It’s noteworthy that some resource-rich regions in central and western China saw their revenue grow last year, riding the wave of rising bulk commodity prices due to geopolitical tensions, but CAFS said that the growth and its contribution to the whole country’s local finances were both limited.
Finance Minister Liu Kun said in a press conference Wednesday that local finances are expected to recover this year. He reiterated that fiscal policy for 2023 will be more proactive, and that transfer payments to local governments will be further expanded.
However, there are still uncertainties related to the restoration of market confidence, so fiscal resources at different levels of government may still come under pressure this year, CAFS said.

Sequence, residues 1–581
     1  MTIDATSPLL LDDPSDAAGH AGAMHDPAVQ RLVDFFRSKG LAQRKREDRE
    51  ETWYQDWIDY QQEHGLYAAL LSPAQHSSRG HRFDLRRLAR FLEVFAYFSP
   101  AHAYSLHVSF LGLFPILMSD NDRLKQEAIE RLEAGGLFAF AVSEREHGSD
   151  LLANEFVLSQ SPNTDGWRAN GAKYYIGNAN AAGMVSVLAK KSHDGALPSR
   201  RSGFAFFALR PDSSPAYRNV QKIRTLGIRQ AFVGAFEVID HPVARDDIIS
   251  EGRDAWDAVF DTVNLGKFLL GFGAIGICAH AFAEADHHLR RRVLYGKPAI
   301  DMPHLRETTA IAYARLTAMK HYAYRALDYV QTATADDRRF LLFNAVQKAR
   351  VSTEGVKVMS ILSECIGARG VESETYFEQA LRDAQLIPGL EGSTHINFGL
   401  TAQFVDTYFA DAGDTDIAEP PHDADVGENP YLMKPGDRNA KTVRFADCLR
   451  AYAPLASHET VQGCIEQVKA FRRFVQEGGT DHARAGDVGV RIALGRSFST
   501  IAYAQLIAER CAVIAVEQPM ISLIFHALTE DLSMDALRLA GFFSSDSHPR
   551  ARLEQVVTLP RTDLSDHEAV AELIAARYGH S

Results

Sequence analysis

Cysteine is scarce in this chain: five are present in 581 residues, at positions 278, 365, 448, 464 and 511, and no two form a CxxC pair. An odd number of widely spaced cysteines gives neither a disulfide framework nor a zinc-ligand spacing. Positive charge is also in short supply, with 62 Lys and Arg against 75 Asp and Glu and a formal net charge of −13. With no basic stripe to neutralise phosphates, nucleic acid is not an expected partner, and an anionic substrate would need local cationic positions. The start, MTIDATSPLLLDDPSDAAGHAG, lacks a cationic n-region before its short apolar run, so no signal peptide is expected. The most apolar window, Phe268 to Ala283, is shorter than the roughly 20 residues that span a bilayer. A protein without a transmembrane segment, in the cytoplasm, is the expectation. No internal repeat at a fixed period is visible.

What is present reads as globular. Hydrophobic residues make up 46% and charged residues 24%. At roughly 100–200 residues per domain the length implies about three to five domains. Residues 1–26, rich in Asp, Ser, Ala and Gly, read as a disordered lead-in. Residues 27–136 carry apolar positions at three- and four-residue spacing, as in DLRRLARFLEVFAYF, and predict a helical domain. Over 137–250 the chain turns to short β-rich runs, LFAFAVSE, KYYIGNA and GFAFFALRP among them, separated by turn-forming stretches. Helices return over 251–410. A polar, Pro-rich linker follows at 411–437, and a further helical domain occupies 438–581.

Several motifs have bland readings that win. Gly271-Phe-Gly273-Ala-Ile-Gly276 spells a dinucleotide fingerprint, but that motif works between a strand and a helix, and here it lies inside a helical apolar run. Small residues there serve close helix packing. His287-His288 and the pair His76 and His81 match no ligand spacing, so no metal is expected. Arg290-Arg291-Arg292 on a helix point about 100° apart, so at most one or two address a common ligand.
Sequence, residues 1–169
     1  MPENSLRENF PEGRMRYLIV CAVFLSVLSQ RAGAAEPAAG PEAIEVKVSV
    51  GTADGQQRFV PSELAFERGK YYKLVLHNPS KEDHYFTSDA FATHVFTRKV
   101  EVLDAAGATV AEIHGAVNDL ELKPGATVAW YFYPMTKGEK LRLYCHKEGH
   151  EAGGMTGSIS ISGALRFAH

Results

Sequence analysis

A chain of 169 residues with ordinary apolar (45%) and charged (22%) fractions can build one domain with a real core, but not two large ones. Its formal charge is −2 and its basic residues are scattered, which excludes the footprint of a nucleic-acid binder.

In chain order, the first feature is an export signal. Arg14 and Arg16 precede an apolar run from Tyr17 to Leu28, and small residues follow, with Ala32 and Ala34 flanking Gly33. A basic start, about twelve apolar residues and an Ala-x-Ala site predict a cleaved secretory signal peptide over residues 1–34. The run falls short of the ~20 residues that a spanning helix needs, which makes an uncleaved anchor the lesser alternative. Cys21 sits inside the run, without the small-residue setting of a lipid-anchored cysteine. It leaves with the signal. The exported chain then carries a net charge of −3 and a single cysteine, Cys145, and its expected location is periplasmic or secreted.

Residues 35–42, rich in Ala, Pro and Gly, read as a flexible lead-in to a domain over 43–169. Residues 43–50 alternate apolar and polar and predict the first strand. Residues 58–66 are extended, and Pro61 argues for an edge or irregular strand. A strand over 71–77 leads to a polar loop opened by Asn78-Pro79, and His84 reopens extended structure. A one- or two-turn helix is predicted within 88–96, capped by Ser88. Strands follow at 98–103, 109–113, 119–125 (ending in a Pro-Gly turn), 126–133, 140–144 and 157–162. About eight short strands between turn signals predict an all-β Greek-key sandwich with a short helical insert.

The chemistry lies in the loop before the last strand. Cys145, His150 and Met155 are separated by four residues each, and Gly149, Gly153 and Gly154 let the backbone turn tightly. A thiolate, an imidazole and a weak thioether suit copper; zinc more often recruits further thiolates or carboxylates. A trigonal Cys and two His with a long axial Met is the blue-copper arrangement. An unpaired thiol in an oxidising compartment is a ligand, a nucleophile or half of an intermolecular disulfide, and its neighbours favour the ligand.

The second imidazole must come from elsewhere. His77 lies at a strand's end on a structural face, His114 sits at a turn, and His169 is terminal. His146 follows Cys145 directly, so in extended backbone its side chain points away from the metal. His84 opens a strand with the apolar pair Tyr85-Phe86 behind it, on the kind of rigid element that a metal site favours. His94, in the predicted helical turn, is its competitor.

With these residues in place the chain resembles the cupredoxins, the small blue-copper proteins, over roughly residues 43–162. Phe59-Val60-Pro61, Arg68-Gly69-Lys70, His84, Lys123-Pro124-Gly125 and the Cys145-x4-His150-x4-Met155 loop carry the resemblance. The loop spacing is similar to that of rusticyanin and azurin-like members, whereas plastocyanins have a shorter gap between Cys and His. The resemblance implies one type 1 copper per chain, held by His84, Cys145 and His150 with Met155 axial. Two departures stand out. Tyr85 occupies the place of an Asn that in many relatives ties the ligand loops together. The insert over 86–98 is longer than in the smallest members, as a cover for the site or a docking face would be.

Last year, expenditure in the local general public budget, which includes transfer payments from the central government, grew 6.4% to 22.5 trillion RMB, finance ministry data show.
The growth in spending was partly due to ballooning public health costs as well as other spending to help people affected by Covid-19 outbreaks.
Fiscal spending on health grew 17.8% nationwide, while social welfare and employment spending increased 8.1%, as localities dealt with waves of Covid-19 outbreaks with stringent containment measures. Health spending soared in provincial-level regions with large-scale Covid-19 outbreaks in 2022, including Shanghai, where this category of expenditure more than doubled compared with the previous year.
Local fiscal strains have been further exacerbated by mounting debts.